A lot of the things I am passionate about, I fell into by accident. As a senior in high school, academics and activities consumed my life. A self-proclaimed “proponent of social justice” and “voice for the voiceless,” I knew little about social change beyond raising money for the Red Cross or giving educational presentations on Haiti, women’s rights, or going green. I didn’t even know the word “feminist.”
After a “medical mission trip” where I observed and stood in awe more than actually helping in a meaningful way (despite being surrounded by people who were making real change), I brought “Students for Social Justice” to my high school.
It sputtered and puttered for the two years I led it but was disbanded after 2014 due to lack of interest. However, the club led me to the world of human rights and responsibilities, even in the most foundational of ways. Knowing that I knew nothing, my eventual college choice was based on their Peace and Justice Studies minor.
I wasn’t done falling into passion projects, though. To better prepare for college in general, I looked at my list of professors on “ratemyprofessor.com” and found that one of my education professors was called a “radical feminist.” I’m embarrassed to admit it, but it was because of this finding that I found a five dollar “This is what a feminist looks like” t-shirt to wear on the first day of school – remember, I had no idea what feminism entailed. But I earned the respect of the professor (however undeserved), and at eighteen, that was all I cared about. It only took weeks to change my tune. With the help of two new mentors, I became a real feminist, and remain a passionate one to this day.
College brought a host of new challenges and opportunities, and I spent the next two years flitting between different social justice issues. Embracing topics such as empathy and literature or racism in the public education system, I did some work learning about how to improve the education – fitting, as a future teacher. But nothing could prepare me for the complete mental takeover that would begin at the end of my junior year.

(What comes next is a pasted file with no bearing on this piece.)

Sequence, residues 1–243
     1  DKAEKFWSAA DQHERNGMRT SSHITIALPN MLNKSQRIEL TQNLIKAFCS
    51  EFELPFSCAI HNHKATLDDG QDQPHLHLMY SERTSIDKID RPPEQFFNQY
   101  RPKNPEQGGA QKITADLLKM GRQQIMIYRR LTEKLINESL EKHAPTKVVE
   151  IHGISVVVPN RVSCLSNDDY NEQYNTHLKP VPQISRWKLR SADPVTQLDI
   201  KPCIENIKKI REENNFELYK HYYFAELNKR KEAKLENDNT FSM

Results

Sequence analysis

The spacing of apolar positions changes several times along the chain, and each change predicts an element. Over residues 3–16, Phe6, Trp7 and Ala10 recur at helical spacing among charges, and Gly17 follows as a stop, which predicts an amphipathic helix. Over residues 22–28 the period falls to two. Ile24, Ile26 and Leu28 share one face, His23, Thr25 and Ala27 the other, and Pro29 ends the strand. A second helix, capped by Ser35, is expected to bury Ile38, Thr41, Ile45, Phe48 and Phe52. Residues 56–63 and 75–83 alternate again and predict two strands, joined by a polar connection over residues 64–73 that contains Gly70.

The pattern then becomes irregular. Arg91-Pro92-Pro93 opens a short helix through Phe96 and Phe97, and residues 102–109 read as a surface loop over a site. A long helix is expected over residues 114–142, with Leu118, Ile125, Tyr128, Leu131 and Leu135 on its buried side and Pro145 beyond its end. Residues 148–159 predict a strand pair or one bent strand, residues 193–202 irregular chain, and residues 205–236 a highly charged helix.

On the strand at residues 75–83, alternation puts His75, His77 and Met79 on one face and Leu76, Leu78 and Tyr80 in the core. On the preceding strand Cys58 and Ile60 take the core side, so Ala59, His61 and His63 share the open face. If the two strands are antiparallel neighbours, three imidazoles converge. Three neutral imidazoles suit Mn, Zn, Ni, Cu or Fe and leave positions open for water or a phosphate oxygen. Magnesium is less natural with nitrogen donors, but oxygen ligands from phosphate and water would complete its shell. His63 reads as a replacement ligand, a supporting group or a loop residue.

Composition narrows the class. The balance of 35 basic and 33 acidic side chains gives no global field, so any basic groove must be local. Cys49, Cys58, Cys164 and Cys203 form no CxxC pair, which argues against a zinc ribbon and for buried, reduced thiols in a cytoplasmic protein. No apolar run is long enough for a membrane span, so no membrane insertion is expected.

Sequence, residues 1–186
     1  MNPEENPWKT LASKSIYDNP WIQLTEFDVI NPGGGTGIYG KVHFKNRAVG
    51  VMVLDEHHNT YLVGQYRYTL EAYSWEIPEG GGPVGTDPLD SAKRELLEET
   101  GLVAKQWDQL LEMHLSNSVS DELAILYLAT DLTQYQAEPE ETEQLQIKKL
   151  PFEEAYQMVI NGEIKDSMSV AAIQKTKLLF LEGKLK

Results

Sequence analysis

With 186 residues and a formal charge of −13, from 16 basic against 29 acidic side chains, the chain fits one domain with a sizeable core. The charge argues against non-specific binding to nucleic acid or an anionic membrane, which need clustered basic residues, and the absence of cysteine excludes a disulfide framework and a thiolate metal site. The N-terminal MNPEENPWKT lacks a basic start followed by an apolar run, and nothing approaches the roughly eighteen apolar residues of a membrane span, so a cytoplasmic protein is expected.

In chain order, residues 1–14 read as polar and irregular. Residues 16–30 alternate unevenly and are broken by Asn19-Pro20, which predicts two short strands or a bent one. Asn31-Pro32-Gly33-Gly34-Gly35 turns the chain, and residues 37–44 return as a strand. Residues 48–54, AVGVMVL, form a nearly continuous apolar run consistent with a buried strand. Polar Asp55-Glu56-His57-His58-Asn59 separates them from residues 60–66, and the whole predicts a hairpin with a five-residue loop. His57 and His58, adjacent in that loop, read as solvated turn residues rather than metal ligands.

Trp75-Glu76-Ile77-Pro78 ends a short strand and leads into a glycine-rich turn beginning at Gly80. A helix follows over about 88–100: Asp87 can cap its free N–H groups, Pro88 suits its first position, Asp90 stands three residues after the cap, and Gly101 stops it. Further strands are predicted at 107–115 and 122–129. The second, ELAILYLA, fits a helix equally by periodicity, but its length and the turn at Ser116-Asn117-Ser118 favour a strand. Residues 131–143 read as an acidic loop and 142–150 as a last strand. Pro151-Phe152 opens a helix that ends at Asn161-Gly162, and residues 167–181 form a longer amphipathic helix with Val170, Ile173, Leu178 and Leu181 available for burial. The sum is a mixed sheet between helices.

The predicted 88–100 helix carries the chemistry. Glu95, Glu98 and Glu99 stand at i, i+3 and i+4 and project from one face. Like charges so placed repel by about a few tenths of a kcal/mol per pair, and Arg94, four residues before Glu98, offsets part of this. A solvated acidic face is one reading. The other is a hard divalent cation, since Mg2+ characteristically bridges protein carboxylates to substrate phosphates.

My director at the Norman Miller Center for Peace, Justice, and Public Understanding sent me a text one afternoon while I was sitting in the library. “Maggie – are you interested in writing a book?” it said. I didn’t bother with a message to send back. I left my bookbag at the library (hidden behind a couch) and walked over to the office.
“Bob?” He turned from his office chair. “Of course I want to write a book,” I said, setting my jacket down on the table. I didn’t even know the topic yet, but I was about to hear the first description of the lives of two women who would come to consume my consciousness for the next several months, and do to this day.
He had met with two women – Ginny and Harriet – he and many people at the college had known for years. Women well into the golden years of retirement who had spent the last two decades working with men at the local maximum security prison, came to him explaining that their program “Challenges and Possibilities” had been defunded. They spent the better part of an hour sitting at a table reminiscing about the men they had known for so long; the value of the program speaking for itself through their loving narratives about men who had changed the course of their lives through goal-setting, confidence-building, and restorative justice.
Since that auspicious meeting, I’ve spent hours learning about prison reform, Challenges and Possibilities, Truth in Sentencing, restorative justice, mandatory minimums, higher education in prisons, and more. I’ve met amazing people trying to help fix the broken prison system. Over the next few months, I’ll be posting, blogging, making video content, and sending letters to people about this issue.
Just like social justice, feminism, and education issues, I fell into restorative justice and prison reform accidentally. But just like each of my earlier understandings, my passion for the topic became genuine. In the end, the way we arrive at our understanding is perhaps less important than what we do once we reach it. Appealing to ignorance in the face of social injustice is one thing, as I could have in high school, but now that I’ve been made aware of the injustice, it is my moral responsibility to act in anyway that I can.